By Landon Shroder
By now, it should be accepted that Syria is no longer an isolated conflict, but one that has very clear regional implications. This has been further reinforced, by reporting this month, indicating that Iran is shipping military hardware via Iraqi airspace, to the embattled regime of Bashar al-Assad. This should come as no surprise. Most of the regional heavyweights have been financing, arming, or supporting one faction or another for over a year now.
What has made this report so absorbing is not the fact that Iran is providing support to the Syrian regime, that should be a given. Syria, is an Iranian client-state and one that offers strategic depth in the Levant. The real revelation, is that Iraq, now in ongruence with Iran has a tacit and stated position on the conflict in Syria. This is important for two reasons, 1) it highlights the current level of US influence within the Iraqi government, which is apparently very little, 2) the Government of Prime Minister, Nouri al Maliki has reached something of an inflection point; whereby, their perception of national immutability is hinged on the survival of the Syrian regime.
There must be an acceptance that the conflict in Syria, while still a war over regime change, is also becoming a cultural war and a sectarian conflict. This trajectory, historically, remains incredibly difficult for the West to comprehend. Material support; albeit, finance, weapons, and technical assistance, while advantageous, will not be the primary agent by which influence is gained in Syria. Influence in Syria will be won through the cultural war, through sectarian and religious preeminence. This is why the resumption and now overt support to the Syrian regime, by Iran, with tacit support of Iraq becomes such a harrowing premise. The conditions are being set, regionally, culturally, and religiously. Gulf Sunni versus Persian Shi’a with Syria as the prize. The anciens régimes, relived for the 21st Century.
A significant amount of assessment has been provided (including my own) on the shift in conflict dynamics in Syria, but it has been partial and one sided. It has been focused on the evolution of the Sunni opposition factions, which has reached something of a zenith and now includes suicide attacks, car-bombs, and other forms of terrorist warfare. A good portion of it honed in neighboring Iraq. These tactics and techniques have been facilitated by non-indigenous Sunni networks, such as al-Qaeda in Iraq, who are presumably siphoning off funding from countries like Saudi Arabia and Qatar. However, if the reports are true, which is likely, and Iran has resumed supply flights and support for clandestine military units, then the conflict dynamics are about to shift, yet again.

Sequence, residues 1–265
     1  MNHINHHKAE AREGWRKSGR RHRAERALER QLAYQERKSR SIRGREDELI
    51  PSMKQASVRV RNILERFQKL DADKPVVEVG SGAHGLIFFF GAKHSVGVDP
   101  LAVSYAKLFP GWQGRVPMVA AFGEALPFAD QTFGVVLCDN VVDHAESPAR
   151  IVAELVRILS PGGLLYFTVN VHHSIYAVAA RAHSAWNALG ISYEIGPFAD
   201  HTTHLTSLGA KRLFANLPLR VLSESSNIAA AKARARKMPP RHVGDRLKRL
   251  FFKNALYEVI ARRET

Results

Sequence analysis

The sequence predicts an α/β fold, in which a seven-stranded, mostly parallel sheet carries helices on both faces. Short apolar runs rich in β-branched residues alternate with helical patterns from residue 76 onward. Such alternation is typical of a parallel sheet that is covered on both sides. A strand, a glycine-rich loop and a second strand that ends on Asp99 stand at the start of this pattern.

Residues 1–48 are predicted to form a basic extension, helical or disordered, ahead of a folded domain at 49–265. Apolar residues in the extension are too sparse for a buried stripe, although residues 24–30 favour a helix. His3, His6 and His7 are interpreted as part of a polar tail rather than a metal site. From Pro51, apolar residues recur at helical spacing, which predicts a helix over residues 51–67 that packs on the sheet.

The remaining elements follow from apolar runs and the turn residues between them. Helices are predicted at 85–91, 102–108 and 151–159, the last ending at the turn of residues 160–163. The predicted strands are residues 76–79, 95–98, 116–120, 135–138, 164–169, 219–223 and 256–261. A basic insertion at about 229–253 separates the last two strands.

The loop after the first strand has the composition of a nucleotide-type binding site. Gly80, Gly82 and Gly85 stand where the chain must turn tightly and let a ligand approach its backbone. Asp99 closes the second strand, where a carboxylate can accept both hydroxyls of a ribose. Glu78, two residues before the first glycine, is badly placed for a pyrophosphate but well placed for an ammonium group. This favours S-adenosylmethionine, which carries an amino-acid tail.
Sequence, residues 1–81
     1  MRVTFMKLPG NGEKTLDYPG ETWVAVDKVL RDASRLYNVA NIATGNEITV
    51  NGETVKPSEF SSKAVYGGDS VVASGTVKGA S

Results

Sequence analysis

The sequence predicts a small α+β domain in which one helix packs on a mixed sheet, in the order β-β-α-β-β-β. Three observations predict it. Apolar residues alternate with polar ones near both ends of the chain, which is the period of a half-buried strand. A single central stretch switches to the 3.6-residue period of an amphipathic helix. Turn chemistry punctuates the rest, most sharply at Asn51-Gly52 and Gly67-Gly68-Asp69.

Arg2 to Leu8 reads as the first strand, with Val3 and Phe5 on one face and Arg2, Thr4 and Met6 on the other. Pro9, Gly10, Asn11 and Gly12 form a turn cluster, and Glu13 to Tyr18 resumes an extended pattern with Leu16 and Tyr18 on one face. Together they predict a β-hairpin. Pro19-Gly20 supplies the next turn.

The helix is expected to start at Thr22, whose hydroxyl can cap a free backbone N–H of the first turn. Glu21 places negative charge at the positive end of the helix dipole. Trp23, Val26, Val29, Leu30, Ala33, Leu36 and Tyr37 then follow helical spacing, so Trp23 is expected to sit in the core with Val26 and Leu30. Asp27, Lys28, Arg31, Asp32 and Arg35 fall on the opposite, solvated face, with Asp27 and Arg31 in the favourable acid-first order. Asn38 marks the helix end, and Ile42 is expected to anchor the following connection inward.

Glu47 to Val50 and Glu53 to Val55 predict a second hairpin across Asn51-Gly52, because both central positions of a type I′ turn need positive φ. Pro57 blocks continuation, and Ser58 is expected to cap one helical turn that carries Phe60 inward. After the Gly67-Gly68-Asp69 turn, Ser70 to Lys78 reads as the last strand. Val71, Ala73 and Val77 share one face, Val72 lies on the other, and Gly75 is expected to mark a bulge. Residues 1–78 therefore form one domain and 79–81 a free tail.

So how will Iranian and unstated Iraqi support for the Syrian regime manifest on the ground in Syria? There are two possible objectives, none of which provides an equitable aftereffect for either Syrians or broad regional stability. These strategic objectives will bematched with equally draconian tactics that will further entrench political and sectarian agendas. From certain vantage points this is probably the intention. The first objective is to maintain regime continuity. Iran is not likely to give up on Syria or the current regime. Syria not only provides depth in the Levant by securing an operational corridor for groups like Hezbollah in Lebanon, but also acts as a conduit for cultural and religious influence for Shi’a Muslims. Iran, much like Saudi Arabia for the Sunni, is the spiritual capitol of Shi’a Islam. Their ability to project power is heavily derived from their facility to support cultural and religious institutions. If the Syrian regime falls and a conservative Sunni regime assumes power, they will not just lose their political and operational influence. They will also lose their place as the cultural and religious ambassador to Shi’a in the Levant.
How will Iran support the maintenance of the al-Assad regime? Put simply, Iran, has